Legislature(2003 - 2004)
02/23/2004 01:36 PM RES
* first hearing in first committee of referral
= bill was previously heard/scheduled
= bill was previously heard/scheduled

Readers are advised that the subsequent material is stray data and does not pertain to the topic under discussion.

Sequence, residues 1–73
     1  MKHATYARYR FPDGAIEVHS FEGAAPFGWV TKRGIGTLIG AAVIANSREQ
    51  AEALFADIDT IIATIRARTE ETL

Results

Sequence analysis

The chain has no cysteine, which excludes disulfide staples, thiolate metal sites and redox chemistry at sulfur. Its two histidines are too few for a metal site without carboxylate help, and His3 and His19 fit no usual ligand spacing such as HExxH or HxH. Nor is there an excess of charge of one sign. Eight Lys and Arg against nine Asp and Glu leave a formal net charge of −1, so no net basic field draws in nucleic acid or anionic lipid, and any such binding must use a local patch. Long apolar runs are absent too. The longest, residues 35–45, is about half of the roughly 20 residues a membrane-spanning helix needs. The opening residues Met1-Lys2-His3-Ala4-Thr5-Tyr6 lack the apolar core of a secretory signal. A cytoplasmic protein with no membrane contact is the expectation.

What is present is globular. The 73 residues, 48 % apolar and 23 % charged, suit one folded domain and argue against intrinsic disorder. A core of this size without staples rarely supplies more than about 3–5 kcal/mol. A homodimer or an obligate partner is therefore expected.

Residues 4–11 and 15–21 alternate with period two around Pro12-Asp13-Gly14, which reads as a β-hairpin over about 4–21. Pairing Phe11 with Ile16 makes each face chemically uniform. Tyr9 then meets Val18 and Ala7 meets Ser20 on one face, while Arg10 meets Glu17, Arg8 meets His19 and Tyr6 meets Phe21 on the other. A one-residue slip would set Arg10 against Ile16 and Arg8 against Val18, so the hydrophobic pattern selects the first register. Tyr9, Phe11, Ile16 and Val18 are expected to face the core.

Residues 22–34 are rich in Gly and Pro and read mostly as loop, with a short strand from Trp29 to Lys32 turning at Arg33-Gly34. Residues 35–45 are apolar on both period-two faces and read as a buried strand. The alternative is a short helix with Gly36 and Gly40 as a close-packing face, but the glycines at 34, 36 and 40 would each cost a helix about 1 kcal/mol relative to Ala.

ALASKA STATE LEGISLATURE HOUSE RESOURCES STANDING COMMITTEE February 23, 2004 1:36 p.m. MEMBERS PRESENT Representative Nancy Dahlstrom, Co-Chair Representative Beverly Masek, Co-Chair Representative Carl Gatto Representative Bob Lynn Representative Nick Stepovich Representative Kelly Wolf Representative Beth Kerttula Representative David Guttenberg MEMBERS ABSENT Representative Cheryll Heinze, Vice Chair COMMITTEE CALENDAR CONFIRMATION HEARING(S) Alaska Royalty Oil and Gas Development Advisory Board Charles E. Cole - Fairbanks Kenneth O. Stout - Anchorage - CONFIRMATION(S) ADVANCED Alaska Oil and Gas Conservation Commission John K. Norman - Anchorage - CONFIRMATION(S) ADVANCED Alaska Commercial Fisheries Entry Commission Frank M. Homan - Juneau - CONFIRMATION(S) ADVANCED HOUSE BILL NO. 344 "An Act relating to annual rental fees for mining claims, and providing for reduced royalties during the first three years of production." - HEARD AND HELD PREVIOUS COMMITTEE ACTION BILL: HB 344 SHORT TITLE: MINING FEES/LABOR/ROYALTIES/ABANDONMENT SPONSOR(S): REPRESENTATIVE(S) FATE 01/12/04 (H) PREFILE RELEASED (1/2/04) 01/12/04 (H) READ THE FIRST TIME - REFERRALS 01/12/04 (H) RES, FIN 02/04/04 (H) RES AT 1:00 PM CAPITOL 124 02/04/04 (H) Heard & Held 02/04/04 (H) MINUTE(RES) 02/23/04 (H) RES AT 1:00 PM CAPITOL 124 WITNESS REGISTER KENNETH O. STOUT, Appointee to the Alaska Royalty Oil and Gas Development Advisory Board Anchorage, Alaska POSITION STATEMENT: As appointee to the Alaska Royalty Oil and Gas Development Advisory Board, discussed the position and answered questions from the committee. CHARLES E. COLE, Appointee to the Alaska Royalty Oil and Gas Development Advisory Board Fairbanks, Alaska POSITION STATEMENT: As appointee to the Alaska Royalty Oil and Gas Development Advisory Board, discussed the position and answered questions from the committee. JOHN K. NORMAN, Appointee to the Alaska Oil and Gas Conservation Commission Anchorage, Alaska POSITION STATEMENT: Discussed the position and answered questions from the committee. FRANK M. HOMAN, Appointee to the Alaska Commercial Fisheries Entry Commission Juneau, Alaska POSITION STATEMENT: Discussed the position and answered questions from the committee. JIM POUND, Staff to Representative Hugh Fate Alaska State Legislature Juneau, Alaska POSITION STATEMENT: Testified on CSHB 344(RES) and spoke to changes on behalf of Representative Fate, sponsor. ACTION NARRATIVE TAPE 04-07, SIDE A Number 0001 CO-CHAIR BEVERLY MASEK called the House Resources Standing Committee meeting to order at 1:36 p.m. Representatives Masek, Dahlstrom, Lynn, Stepovich, Guttenberg, and Kerttula were present at the call to order. Representatives Gatto and Wolf arrived as the meeting was in progress. CO-CHAIR MASEK announced for the record that Representative Wolf had joined the meeting. ^CONFIRMATION HEARING(S) CO-CHAIR MASEK announced that the first order of business would be the confirmation hearings of the governor's appointments to various boards as listed above in the committee calendar. ^Alaska Royalty Oil and Gas Development Advisory Board Number 0064 CO-CHAIR MASEK brought before the committee the appointment of Kenneth O. Stout to the Alaska Royalty Oil and Gas Development Advisory Board. She asked Mr. Stout to comment on his appointment to the board. Number 0172 KENNETH O. STOUT, Appointee to the Alaska Royalty Oil and Gas Development Advisory Board, discussed the position and answered questions from the committee. He told the members that the board attended a conference in Fairbanks and was well pleased with the recommendation to move ahead with the Black Hills purchase. CO-CHAIR MASEK pointed out that Mr. Stout's resume is in the members' packet for review. Number 0261 REPRESENTATIVE GUTTENBERG commented that his concern lies with a previous appointee who stepped down because of political involvement, and asked Mr. Stout to address the issue. MR. STOUT asked for clarification that he has already been appointed and confirmed as a member of the board. CO-CHAIR MASEK told Mr. Stout that while he has been appointed by the governor, he has not yet been confirmed by the legislature. MR. STOUT thanked Co-Chair Masek for clarifying that point. He responded that his political affiliation will not have anything to do with the way he approaches his service to the board. Mr. Stout said as the members know, he is conservative and will work to get the biggest "bang for the buck." In the case of the Black Hills purchase he told the members that he believes it is in the best interest of the state to go forward with it. He confirmed that he has been a member of the Republican Party for many years, and reassured the members that fact would not have any effect on the way he votes on the board. Number 0453 REPRESENTATIVE KERTTULA asked Mr. Stout if he currently holds any party office. MR. STOUT replied that he does not. He commented that he is running for the city assembly, but clarified that it is a non- partisan election. REPRESENTATIVE KERTTULA asked if he is elected to the city assembly does he believe he will have enough time to serve in both offices. MR. STOUT responded that he will. He explained that neither the assembly position nor the position on the Alaska Royalty Oil and Gas Development Advisory Board are full time positions. Number 0523 REPRESENTATIVE STEPOVICH commended Mr. Stout for his community activism in running for local office. He said that Representative Guttenberg's question must have been spurred by an individual stepping down from some other committee, as Representative Stepovich does not recall anyone on the Alaska Royalty Oil and Gas Development Advisory Board stepping down. He asked Mr. Stout what he believes he can do to help the state through his service. Number 0579 MR. STOUT replied that his past experience of working through problems and finding reasonable solutions will benefit the state of Alaska. He summarized that he is willing to do whatever he can to help the state. CO-CHAIR MASEK announced for the record that Representative Gatto had joined the meeting. CO-CHAIR DAHLSTROM thanked Mr. Stout for his military service to the United States. She noted that on Mr. Stout's resume the group called Common Sense for Alaska is listed under former and current professional organizations. Co-Chair Dahlstrom asked him to comment on his current involvement. She noted for the record that Common Sense for Alaska is a group that has been campaigning for the use of the earnings of the permanent fund. Number 0735 MR. STOUT assured the members that he is not currently active in the group and has not been for many years. He commented that he listed groups that he has been involved with over the years, in come cases the list goes back 23 years. MR. STOUT pointed out that he also currently serves on a veteran's commission. He just returned from Washington, D.C. where he attended a meeting. Part of that meeting included a visit to Walter Reed Army Medical Center, Ward 57, which is where amputees go to recuperate and have new limbs fitted for them. Mr. Stout explained that [in the current war on terrorism] with the new body armor soldiers are not being killed in as high a numbers as previous wars; however, they are loosing a lot more limbs, he said. He told the members that he cannot stress the incredible respect he feels for the military who serve our country. Number 0926 CO-CHAIR MASEK brought before the committee the appointment of Charles E. Cole to the Alaska Royalty Oil and Gas Development Advisory Board. She asked Mr. Cole to comment on his appointment to the board. CHARLES E. COLE, Appointee to the Alaska Royalty Oil and Gas Development Advisory Board, discussed the position and answered questions from the committee. He told the members that he came to Alaska in January of 1954 and since that time has practiced law. In fact, as of January 27, 2004 he has practiced law in Alaska for 50 years. Mr. Cole said that he spent one year in Juneau working for the territorial commissioner of veterans' affairs which was a revolving loan program for veterans. After about six months in that position he went to work for Attorney General Williams and served as assistant attorney general for about six months. In December of 1954 he came to Fairbanks and met the U.S. District Attorney Ted Stevens who persuaded him to go to work for the newly appointed U.S. District Judge in Fairbanks, which he did for about 18 months. He shared that in 1956 he ran for and was elected to the city magistrate position. In April of 1957 he began the practice of law in Fairbanks and continued until December of 1990 when he was appointed Attorney General by Governor Hickel. He told the members that he served in that capacity until January of 1994, and then returned to private practice in Fairbanks, where he currently works. Number 1150 REPRESENTATIVE GATTO asked if he is any good at baseball. MR. COLE responded that he played professional baseball for three years; two years riding the buses in the California league in the early 1950s, and one year in the pioneer league in Idaho in 1953. REPRESENTATIVE GATTO commented that he sees that Mr. Cole played for Stanford University. Did it have a decent season when you played for them, he asked. MR. COLE responded that in the first year of law school the team won the California Inter-collegiate Baseball Association championship, and went to Washington to compete. Unfortunately, he said, due to his miserable performance the team was defeated by "WSC" [Washington State College]. Mr. Cole told the members that he played every inning and every game for three consecutive years. REPRESENTATIVE GATTO asked if this position pays as well as the Stanford [University] position. MR. COLE replied that when he played in Stockton in the California league he was paid $350 per month and $3 per day for travel money for meals. It wasn't that lucrative in those days, he commented. REPRESENTATIVE GATTO commented that this position pays a little more. MR. COLE replied that he is not sure this appointment pays anything, but said that is okay with him because he is not looking for any compensation from this position. Number 1280 CO-CHAIR DAHLSTROM thanked Mr. Cole for his service to the United States. She commented that she believes both he and Mr. Stout would be excellent resources for the veterans' committees. Co-Chair Dahlstrom said that HB 28 passed both the house and senate last session. That bill provided clarification of the Commissioner of the Department of Natural Resources' ability to adjust the state's royalties to encourage economic production. She asked Mr. Cole to comment on his experience with royalty modification issues and also what his general philosophy is in evaluating proposals that may or may not be on the table for royalty modification. Number 1362 MR. COLE responded that it is hard to say what his general view is for royalty modification. He said he thinks that whenever agreements are modified it should be done with care and the modification must be supported with good solid reasons. That is true because there had to be good solid reasons for the initial formulation of the agreement, he explained. Mr. Cole reiterated that he would look upon modifications of existing agreements with great care. REPRESENTATIVE DAHLSTROM said that with the stranded gas application, the Alaska Natural Gas Development Authority bringing natural gas development issues to the forefront, and the governor's statement that access to the North Slope gas is a crucial element to Alaska's negotiating platform, she asked what role Mr. Cole sees the Alaska Royalty Oil and Gas Development Advisory Board playing in these negotiations. How critical does Mr. Cole believe this board's role is, she asked. MR. COLE said that he does not believe the board is a participant in any of the negotiations. He added that he has not been briefed on any negotiations so he is totally in the dark with respect to it. He said that under the act he believes the board will be required to discharge its statutory responsibilities with respect to any such agreements. Number 1511 REPRESENTATIVE STEPOVICH thanked Mr. Cole for his 50 years of service to Alaska, and asked him what he believes he can do on the board to enhance resource development. Number 1558 MR. COLE said that he does not know what the board can do to enhance resource development because those are the primary responsibilities of the governor and the legislature. He said he thinks that his experiences in negotiations, formulations, and drafting of agreements over the years could be useful in reviewing and strengthening the agreements by looking for pitfalls and providing oversight. Mr. Cole said he generally sees his role one where he provides an oversight of the public interest with respect to those agreements. He commented that he would not rubber-stamp any agreement that the administration might make because the members of the board have a broad responsibility to the public. Mr. Cole stated that when he makes recommendations with respect to those agreements he expects that the legislature would hold him responsible for discharging his statutory duties and would therefore act with care. REPRESENTATIVE STEPOVICH noted that Mr. Cole did do that with the Exxon Valdez case, and he thanked him for that work. He recommended that Mr. Cole be confirmed to the board. REPRESENTATIVE GUTTENBERG thanked him for his service and said that he hopes he continues to hear his voice speaking out for all Alaskans. CO-CHAIR MASEK asked Mr. Cole to speak on his opinion of the subsistence issue. MR. COLE said he is pleased to say that he believes the state needs to adopt a constitutional amendment to obtain as much power to act on the subsistence issue as is possible under Alaska National Interest Lands Conservation Act (ANILCA). It is important for Alaskans on all sides of the issue that the state come together and achieve as much control over subsistence as possible, he said. Mr. Cole told the members that he believes it is in the best interest of Native people, and the fishing and hunting population of Alaska. He said he will continue to exert any efforts to achieve that end. Mr. Cole warned that he believes it will be a terrible mistake if it is not done. The possibilities of achieving that end are rapidly slipping away, and he looks upon that with great regret, he added. Number 1843 CO-CHAIR MASEK asked if he believes changes need to be made in ANILCA before tinkering with the Alaska State Constitution. MR. COLE commented that he would like to see changes in ANILCA, but believes it would be very difficult to obtain. However, if the state went to Senator Stevens with a unified position some changes are possible. REPRESENTATIVE STEPOVICH commented that Mr. Cole will only be getting per diem if he is confirmed to the board. MR. COLE replied that he is not that interested in per diem; he is just pleased to make a contribution to the system. He told the members that he hopes the legislature approves Mr. Stout because he has served with him on the review of the Foothills Pipe Lines Ltd. contract for the North Pole refinery and found that Mr. Stout had a lot of constructive comments in that process. ^Alaska Oil and Gas Conservation Commission Number 1964 CO-CHAIR MASEK said next appointment for review is that of John K. Norman to the Alaska Oil and Gas Conservation Commission (AOGCC). She asked Mr. Norman to comment on his appointment to the commission. Number 1990 JOHN K. NORMAN, Appointee to the Alaska Oil and Gas Conservation Commission, discussed the position and answered questions from the committee. He told the members that he came to Alaska 1968 when he was transferred here by an oil company in Texas. He explained that he had joined the oil company after finishing military service. In 1968 the Prudhoe Bay discovery was announced, and he joined the Department of Law as council for the Department of Natural Resources and had a good opportunity work on oil and gas matters. He shared that he also served as the legal council for the Alaska Oil and Gas Conservation Commission. He worked as an assistant attorney general until November of 1971 when he went into private practice where he has worked for the last 32 years. Recently, Governor Murkowski called to ask him to serve in this position and he said he believes he is qualified. This is not a stepping-stone to any other position or aspiration. If confirmed by the legislature he said he looks forward to bringing to this position the experience that he has had gained over the last 32 years, he summarized. Number 2130 CO-CHAIR MASEK noted that his statement in the letter to Governor Murkowski [dated January 21, 2004] sites that this commission is a regulatory body that must remain independent of the Division of Oil and Gas. CO-CHAIR DAHLSTROM asked Mr. Norman to comment on the fact that he was named to the commission just hours after a former public member resigned. She asked if he would also comment on the statutory situation with the commission. Both drilling and disposal regulations have advanced quite a lot in the last few years. The commission has been operating on basically the same framework in which it was created. MR. NORMAN replied that for at least the last 30 years he has closely followed and has been familiar with the work of the AOGCC. He commented that he knew the first members of the committee. Mr. Norman told the members that he lamented the amount of publicity in the paper and the lack of understanding of the important work of the AOGCC. When the opening occurred several people talked to him about whether he would be interested in applying. Mr. Norman said he believed it was time for him to give something back to the state, and it was then that he wrote the letter to the governor. He shared that he did not know if he would be appointed or not, but had heard that there might be some discussion concerning changes in the AOGCC. With that in mind he wrote the last paragraphs in the letter to clarify that he believed it would be definite mistake to put the regulatory responsibilities of the commission under the same roof as the state Department of Natural Resources. Mr. Norman explained that he felt it should remain an independent commission and not slip backwards, as had been done previously. He said he thought that within a short period of time there would be an effort to make it independent again if that change were made. Alaska's industry is dependent on a well-regulated carefully watched oil and gas industry for a significant part of the revenues of state government and contributions to the private economy, he added. Mr. Norman summarized that he believed an independent regulatory commission is essential to meet industry needs in timely permitting, but more importantly he said believed it is important for all Alaskans to know that there is a commission who is on watch 24-hours per day. Every time a hole is drilled the AOGCC monitors and follows it until years later when that project may be plugged and abandoned. MR. NORMAN told the members that he had a sense that some of the professionalism that he had known in years passed was slipping away, and that is what motivated him to write the letter. He added that he had no idea why he was called so quickly, but noted that according to statute two members are required. When one member resigned the AOGCC was down to one member. Mr. Norman said if he had been able to control the timing he would have provided more time to wrap up the things he was working on and then move into the position. Number 2551 MR. NORMAN said in conclusion he read something he wrote for a publication for the Alaska Bar Association over 30 years ago as follows: The concern for all Alaskans for orderly development of the state's natural resources is reflected in the attitudes and policies of the state's Oil and Gas Conservation Committee. MR. NORMAN commented that at that time AOGCC was called the Oil and Gas Conservation Committee, but functioned much as the commission does today. He continued reading his statement: This committee can be expected to play a significant role in shaping the future of the natural gas industry in Alaska. MR. NORMAN summarized that he is not a newcomer to the commission and is very well familiar with this and other commissions. He said he is also cognizant of the fact that Alaskans demands a leading place in the area of oil and gas development. Alaska is looked to as a leader and has been viewed as having a first-class, professional commission. He told the members that he has not sought other positions in the past 33 years even though he has been approached for federal positions. It is his wish to make a contribution to the state of Alaska, he concluded. Number 2600 CO-CHAIR DAHLSTROM asked Mr. Norman what he believes the commission can do to attract smaller independent oil companies to the North Slope. MR. NORMAN responded that the AOGCC can look at its regulations, which it has already been doing, he added. He commented that Alaska is a very expensive place to operate and that is particularly true on the North Slope. Mr. Norman explained that new companies look for infrastructure and support facilities. One thing AOGCC could do is update its records to provide data electronically. The drilling wells are being regulated to the West across the boundary line into the National Petroleum Reserve - Alaska (NPR-A), and that is a positive development, he added. Mr. Norman told the members that he believes the AOGCC should be responsive to the new companies that come into Alaska. He added that he is very impressed with the staff in the agency. There is a sense of urgency in the agency that could be a model for many other agencies, he said. The oil industry operates 24- hours per day and the standby cost for a rig is thousands and thousands of dollars. Mr. Norman noted that to have a one or two day delay in a permit application can be extremely costly. The more that can be done to take the uncertainty out of the process and streamline the process, while at the same time carefully regulating the industry will help attract more companies to Alaska. Companies that come into an area look at the regulatory climate and want an independent regulatory agency, he explained. The smaller companies look for that because when operating next to larger companies it is important that the small companies are not improperly excluded from the unit, and that they are allowed to produce their fair share of any resource, Mr. Norman said. In summary, he said the biggest thing that can be done is to assure land availability. Number 2841 CO-CHAIR DAHLSTROM commented that one of his web sites says that one of the functions is to "protect fresh water from contamination by oil, gas, and mud during drilling, production, and abandonment operations." She asked if the commission has been out to the Matanuska-Susitna Valley assuring people that there are laws and an agency already in place that will protect their drinking waters from the shallow gas development that has been such a controversial issue. Number 2860 MR. NORMAN replied yes. He told the members that AOGCC has participated in a series of meetings there. The next meeting will consist of a presentation this Saturday. The focus will be on two areas that are of considerable concern to the residents of the Matanuska-Susitna Valley in the area of shallow gas leasing. One of those areas is the question of whether there should be an allowance for production from the same aquifer where people get drinking water. The area the commission is focusing on is to assure the people that their drinking water will be protected by the proper completion of wells by using techniques that will seal off any potential contamination of aquifers. Another area that is being looked at is the stimulation of wells, or the fracturing of wells, where fluids are put under pressure into a reservoir to open it up and allow it to flow more freely, he said. Mr. Norman assured the members that AOGCC will be looking at this extremely closely to ensure that if development occurs it will not proceed in a way that contaminates or degrade any aquifer from which any Alaskan gets their drinking water. CO-CHAIR DAHLSTROM thanked Mr. Norman. There is much "doom and gloom" being spread on that issue. She said she does not believe that citizens are convinced of the safety and urged the AOGCC to step up its efforts and move efficiently as possible to get that information out to the public. REPRESENTATIVE STEPOVICH asked Mr. Norman how many grievances by the public and producers are before the AOGCC currently. TAPE 04-7, SIDE B Number 2955 MR. NORMAN responded that there are no active protests currently before the commission; however, there is one matter in litigation in the Alaska Superior Court. MR. STEPOVICH commented that there are grievances that come from people who have difficulty working with government agencies. He agreed with Mr. Norman that it is important the AOGCC be independent of those agencies. He asked if the Attorney General's Office is doing any work for the commission. MR. NORMAN responded that there is one assistant attorney general that is assigned to the AOGCC. He said to his knowledge his work does not cross over to other agencies, and he is able to give the commission independent advice. Number 2892 REPRESENTATIVE STEPOVICH said it is his understanding that Alaska statutes say that the AOGCC is required to be independent of the Department of Natural Resources and the Attorney General's Office. He asked Mr. Norman if that is how he understands it. MR. NORMAN replied that is correct. REPRESENTATIVE STEPOVICH asked if Mr. Norman believes the commission and the agencies collided in the past. MR. NORMAN said that it is his personal viewpoint that there may have been a collision in the past. However, he would not want to say any more on that point without further investigation. He assured the members that whatever the case in the past, it will not occur in the future. REPRESENTATIVE STEPOVICH asked how many staff work for the commission and how many members are on the commission right now. MR. NORMAN replied that there are 23 full-time employees. They are geologists, petroleum engineers, and reservoir engineers. Of those particular professionals there are two teams that operate and regulate the industry statewide. Each team consists of a geologists, a reservoir engineer, and a petroleum engineer. Those six professionals have a responsibility to oversee literally hundreds of industry professionals across the state. There are also inspectors on the wells inspecting a number of operations. The commission maintains a repository with historical records of every well that has ever been drilled in Alaska. There are three commissioners provided for by statute and the commission currently has two. Number 2829 REPRESENTATIVE STEPOVICH asked Mr. Norman if he believes there is a movement to phase out the AOGCC. MR. NORMAN responded that he does not see a movement to phase out the commission. He said he believes if that were to occur it would be huge mistake for the state of Alaska. REPRESENTATIVE STEPOVICH asked if Mr. Norman is pushing to add another member to the commission. MR. NORMAN told the members that he is looking at the work of the commission and plans to submit a recommendation to the governor. He said currently he has not recommended that a third member be appointed because he believes the work can be done by two commissioners. Mr. Norman requested that the position be held open until the completion of his review, when he will make a recommendation. CO-CHAIR MASEK pointed out that the AOGCC does not appoint members to the commission; the governor makes the appointments. REPRESENTATIVE STEPOVICH commented that when there was no one on the commission it left a void. Alaska Oil and Gas Conservation Commission has a strong role, and he said he has not seen the commission fulfill that role in past administrations. He said he was concerned with the recent "back biting" that was going on within the commission. He said he wants a commission and Mr. Norman to stand independent of the Department of Natural Resources, the Attorney General's Office, and work for the good of all Alaskans. Number 2700 REPRESENTATIVE GUTTENBERG referred to one of Mr. Norman's published works, Considerations When Entering the Alaska Energy Market, [IBC Global Conferences] in September 2002. He asked if it is Mr. Norman's opinion that the bar has been raised too high for the energy industry. MR. NORMAN responded that there is no question that the bar is high here in Alaska. Some of it is simply the fact that this is a state where infrastructure costs are higher and it is required that development proceed in an orderly, well regulated way. That's not bad, he said. He said he does not believe the bar is high, but acknowledged that there is a problem with land availability and access. Mr. Norman pointed out that the Arctic National Wildlife Refuge (ANWR) is the most striking example of that problem, but that is beyond the state's control. He noted that there is a trend over the last 18 to 36 months of a number of smaller, independent companies coming into the state and taking up a position. Very often these are the companies that find the oil and gas, he added. ^Alaska Commercial Fisheries Entry Commission Number 2595 CO-CHAIR DAHLSTOM said the next appointment for review is that of Commissioner Frank M. Homan to the Alaska Commercial Fisheries Entry Commission (CFEC). She asked Mr. Homan to comment on his appointment to the commission. Number 2578 FRANK M. HOMAN, Appointee to the Alaska Commercial Fisheries Entry Commission, discussed the position and answered questions from the committee. He told the members that in the summer of 1946 he arrived in Ketchikan on the Canadian steamship, Prince Rupert, which was the beginning of his adventure in Alaska. During World War II his father worked on the Alaska Highway for a couple of years so that was his introduction to Alaska. Originally, his family was from San Francisco. He said he started 1st grade in Ketchikan and been in Alaska ever since. In the early days his family was in the fish buying business in Southeast Alaska. They had a series of fish buying stations around Prince of Wales, he explained. This was in the days before iceboats. Fish was purchased daily and then a scow came once a week to pick up the fish and deliver them. That was his life experience until he went to college. During his college days he worked in the pulp mill in the summers. Mr. Homan summarized that his background has always been in resources. Part way through college he went into the U.S. Army, and after his military service he returned to college. When he finished college in 1967 he came to Juneau because he had an opportunity to work on resource issues as an economist in the newly created Department of Economic Development. MR. HOMAN said that in 1971 he left the state and created his own business for a number of years where the company did economic analysis for businesses and communities. The company was known as the Homan-McDowell Associates, and is now known as the McDowell Group. In the mid-1980s he had the opportunity to work for Senator Arliss Sturgulewski as a resource development specialist and went on to work for her for many years. In 1991 he was appointed to the Limited Entry Commission for five years. After that service he did private consulting and a number of other interesting jobs, his favorite was working with the cruise ship industry, a company that provided shore support services to the cruise ships. Last year another opportunity occurred where he was offered a position as a special assistant to Governor Murkowski in resource development. When the position came open in the Alaska Commercial Fisheries Entry Commission he was pleased that the governor appointed him, he said. Number 2320 CO-CHAIR DAHLSTROM told the members that the Commercial Fisheries Entry Commission position is a salaried. The salary is $85,397 per year, and the commission meets throughout the year. She commended Mr. Homan for his military service to the United States. Number 2291 REPRESENTATIVE WOLF asked if he currently serves on the Alaska Commercial Fishing and Agriculture Bank (CFAB). MR. NORMAN responded that in the early 1980 he was chairman of the Alaska Commercial Fishing and Agriculture Bank. Number 2258 CO-CHAIR DAHLSTROM moved to forward the names of Charles E. Cole, Kenneth O. Stout for the Alaska Oil And Gas Development Advisory Board; the name of John K. Norman for the Alaska Oil and Gas Conservation Commission; and the name of Frank M. Homan for the Alaska Commercial Fisheries Entry Commission to the joint session of the House and Senate for confirmation. There being no objection, the confirmations of Charles E. Cole, Kenneth O. Stout, John K. Norman, and Frank M. Homan were advanced from the House Resources Standing Committee. HB 344-MINING FEES/LABOR/ROYALTIES/ABANDONMENT Number 2204 CO-CHAIR DAHLSTROM announced that the final order of business would be HOUSE BILL NO. 344, "An Act relating to annual rental fees for mining claims, and providing for reduced royalties during the first three years of production." Number 2192 CO-CHAIR MASEK moved to adopt the proposed committee substitute (CS), Version 23-LS1298\I, Bullock, 2/20/04 as a work draft. There being no objection, Version I was before the committee. Number 2167 JIM POUND, Staff to Representative Hugh Fate, Alaska State Legislature, speaking on behalf of Representative Fate, sponsor, told the committee that the sponsor is in support of the CS. He explained that under current statute if a miner files his or her paperwork - a statement of annual labor or the payment of rent or royalties - one day late, the state considers the mine abandoned. Mr. Pound said CSHB 344(RES) will change that by allowing a "cure" for the miner, but it does not prevent the miner from meeting the requirements in statute, nor does it allow the miner the right to "let it slide without there being a penalty." Under the penalty clause of CSHB 344(RES), the miner will have to pay a late fee equal to at least one year's rent. He said the CS accomplishes what was intended in the original bill, which was to keep the miners working and "bring their local economy stimulus" to Alaska. He urged the committee's support. Number 2100 CO-CHAIR MASEK clarified that her motion to adopt CSHB 344(RES) was for purposes of discussion. Number 2076 CO-CHAIR DAHLSTROM announced that HB 344 would be held over. ADJOURNMENT There being no further business before the committee, the House Resources Standing Committee meeting was adjourned at 2:42 p.m.